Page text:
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SOA World - Exclusive Q&A with Dr Adam Kolawa, Co-founder & CEO of Parasoft

ADP helps give developers more time to focus on the creative tasks they enjoy most

“Developers need to realize that Automated Defect Prevention benefits them," says Parasoft co-founder & CEO Dr Adam Kolawa in this Exclusive Q&A with SYS-CON Media's Java Developer's Journal. "But they won’t start recognizing this until they see that they have less work," Kolawa continues. The key to success, he adds, is to have an infrastructure handle as much work as possible. "This way, developers have time to focus on the creative tasks they enjoy most...the ones that truly require human intelligence."

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“Developers need to realize that [ADP] benefits them. But they won’t start recognizing this until they see that they have less work.”
-- Dr Adam Kolawa, Co-Founder & CEO of Parasoft
Dr
Adam Kolawa is the coauthor of the recently published Automated Defect Prevention: Best Practices in Software Management (Wiley & Sons, 2007). He is the co-founder & CEO of Parasoft, a leading provider of Automated Error Prevention software solutions. Aside from additionally co-authoring Bulletproofing Web Applications, Dr Kolawa has contributed to or written more than 100 commentary pieces and technical papers, and has coauthored numerous scientific papers.
Java Developer’s Journal: How realistic is it to seek to modify the development process in the entire software life cycle to reduce opportunities for mistakes? Is Automated Defect Prevention simply too much for IT organizations to take on board?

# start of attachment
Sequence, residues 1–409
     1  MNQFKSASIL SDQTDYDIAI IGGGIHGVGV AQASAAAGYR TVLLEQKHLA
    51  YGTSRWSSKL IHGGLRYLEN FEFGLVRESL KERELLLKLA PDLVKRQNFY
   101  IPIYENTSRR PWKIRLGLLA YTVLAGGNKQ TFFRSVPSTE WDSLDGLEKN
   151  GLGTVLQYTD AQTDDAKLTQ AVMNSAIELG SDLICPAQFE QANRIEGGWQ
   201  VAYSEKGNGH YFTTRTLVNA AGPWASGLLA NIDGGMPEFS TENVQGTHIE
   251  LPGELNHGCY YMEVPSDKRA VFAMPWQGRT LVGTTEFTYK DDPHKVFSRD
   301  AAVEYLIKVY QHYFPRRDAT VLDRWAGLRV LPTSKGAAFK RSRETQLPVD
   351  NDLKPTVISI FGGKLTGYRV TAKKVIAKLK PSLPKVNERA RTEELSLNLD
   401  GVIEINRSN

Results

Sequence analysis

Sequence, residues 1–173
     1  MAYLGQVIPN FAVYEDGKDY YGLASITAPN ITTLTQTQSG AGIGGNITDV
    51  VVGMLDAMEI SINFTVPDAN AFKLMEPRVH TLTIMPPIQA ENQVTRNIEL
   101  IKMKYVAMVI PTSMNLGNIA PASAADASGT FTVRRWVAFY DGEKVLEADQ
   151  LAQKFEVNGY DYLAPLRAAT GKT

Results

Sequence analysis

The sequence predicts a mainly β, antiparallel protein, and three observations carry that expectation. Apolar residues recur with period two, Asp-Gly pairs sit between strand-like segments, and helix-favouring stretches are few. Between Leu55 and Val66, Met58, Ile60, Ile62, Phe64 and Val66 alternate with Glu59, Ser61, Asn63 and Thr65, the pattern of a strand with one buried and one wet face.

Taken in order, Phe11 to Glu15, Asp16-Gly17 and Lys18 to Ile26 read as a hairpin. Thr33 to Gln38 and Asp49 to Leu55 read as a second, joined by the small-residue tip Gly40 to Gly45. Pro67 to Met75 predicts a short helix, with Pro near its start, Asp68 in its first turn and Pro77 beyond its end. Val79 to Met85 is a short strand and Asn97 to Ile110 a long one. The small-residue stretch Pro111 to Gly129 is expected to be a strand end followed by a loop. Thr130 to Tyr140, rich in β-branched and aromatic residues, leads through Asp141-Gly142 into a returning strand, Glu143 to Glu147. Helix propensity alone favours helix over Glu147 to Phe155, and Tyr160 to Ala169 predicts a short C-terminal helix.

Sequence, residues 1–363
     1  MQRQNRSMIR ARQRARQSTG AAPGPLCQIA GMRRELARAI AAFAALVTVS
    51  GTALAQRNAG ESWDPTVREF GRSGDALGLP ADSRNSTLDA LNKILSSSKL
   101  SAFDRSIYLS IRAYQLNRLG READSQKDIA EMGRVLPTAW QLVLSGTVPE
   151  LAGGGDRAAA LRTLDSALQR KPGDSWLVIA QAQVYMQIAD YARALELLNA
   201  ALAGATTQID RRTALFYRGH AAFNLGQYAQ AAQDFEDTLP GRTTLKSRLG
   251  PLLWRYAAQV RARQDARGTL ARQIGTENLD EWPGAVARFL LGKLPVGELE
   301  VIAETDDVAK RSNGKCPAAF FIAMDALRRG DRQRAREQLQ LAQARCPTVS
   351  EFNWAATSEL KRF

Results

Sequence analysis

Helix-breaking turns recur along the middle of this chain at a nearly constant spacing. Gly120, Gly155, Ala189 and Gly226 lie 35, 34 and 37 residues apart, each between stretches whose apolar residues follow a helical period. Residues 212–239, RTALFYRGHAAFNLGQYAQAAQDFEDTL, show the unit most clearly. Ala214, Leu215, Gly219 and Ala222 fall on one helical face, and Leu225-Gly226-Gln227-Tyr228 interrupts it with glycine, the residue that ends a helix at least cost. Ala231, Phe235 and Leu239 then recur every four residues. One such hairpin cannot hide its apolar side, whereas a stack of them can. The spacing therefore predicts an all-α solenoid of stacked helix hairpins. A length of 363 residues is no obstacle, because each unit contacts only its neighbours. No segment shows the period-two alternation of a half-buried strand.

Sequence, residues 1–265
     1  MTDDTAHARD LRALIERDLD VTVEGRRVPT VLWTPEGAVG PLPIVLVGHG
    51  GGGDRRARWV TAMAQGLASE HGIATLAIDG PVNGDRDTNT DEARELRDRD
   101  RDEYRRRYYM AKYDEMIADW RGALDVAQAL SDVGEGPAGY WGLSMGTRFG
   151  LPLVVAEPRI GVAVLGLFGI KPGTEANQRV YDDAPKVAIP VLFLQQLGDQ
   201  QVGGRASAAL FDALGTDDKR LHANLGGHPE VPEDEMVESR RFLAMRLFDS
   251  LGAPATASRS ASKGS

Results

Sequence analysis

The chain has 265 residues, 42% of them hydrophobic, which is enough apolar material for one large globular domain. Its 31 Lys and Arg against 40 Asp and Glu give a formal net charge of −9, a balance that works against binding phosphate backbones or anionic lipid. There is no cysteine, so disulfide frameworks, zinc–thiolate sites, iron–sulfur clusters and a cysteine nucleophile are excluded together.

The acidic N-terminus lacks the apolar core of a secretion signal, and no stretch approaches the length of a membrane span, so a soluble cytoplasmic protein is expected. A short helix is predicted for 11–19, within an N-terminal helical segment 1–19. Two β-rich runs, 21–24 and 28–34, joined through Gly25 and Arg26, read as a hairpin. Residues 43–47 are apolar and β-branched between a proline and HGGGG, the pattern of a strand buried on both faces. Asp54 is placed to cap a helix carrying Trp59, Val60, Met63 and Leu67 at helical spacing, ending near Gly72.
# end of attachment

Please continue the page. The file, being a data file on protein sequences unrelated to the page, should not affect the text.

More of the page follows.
Dr Adam Kolawa: It’s not very realistic. That’s why we’re not trying to modify the development process. Rather, we’re trying to improve it.  There’s a big difference. We learned that it’s critical to take it slow. In the book, we discuss this under ADP Principle 6: Incremental Implementation of ADP’s Practices and Policies. In a nutshell, you never want to attack the process as a whole. Instead, start by going after a few “low-hanging fruits”— relatively simple changes that will yield significant gains. Then, keep moving forward.
It is too much to expect that you can get the entire organization on board at once. That’s why you need you introduce it incrementally, winning over one group at a time. It typically takes years to extend it across the entire organization.

Java Developer’s Journal: Is it possible to quantify what proportion of getting ADP into the DNA of developers and managers is a software development challenge and what proportion is a human or change-management challenge?

AK: I really think that this is all a human and change management challenge. Developers need to realize that this benefits them. But they won’t start recognizing this until they see that they have less work. The key to success here to have an infrastructure handle as much work as possible. This way, developers have time to focus on the creative tasks they enjoy most… the ones that truly require human intelligence.


Next Page: Dr Kolawa on the Future of Technology

More Stories By Jeremy Geelan

Jeremy Geelan is Chairman & CEO of the 21st Century Internet Group, Inc. and an Executive Academy Member of the International Academy of Digital Arts & Sciences. Formerly he was President & COO at Cloud Expo, Inc. and Conference Chair of the worldwide Cloud Expo series. He appears regularly at conferences and trade shows, speaking to technology audiences across six continents. You can follow him on twitter: @jg21.

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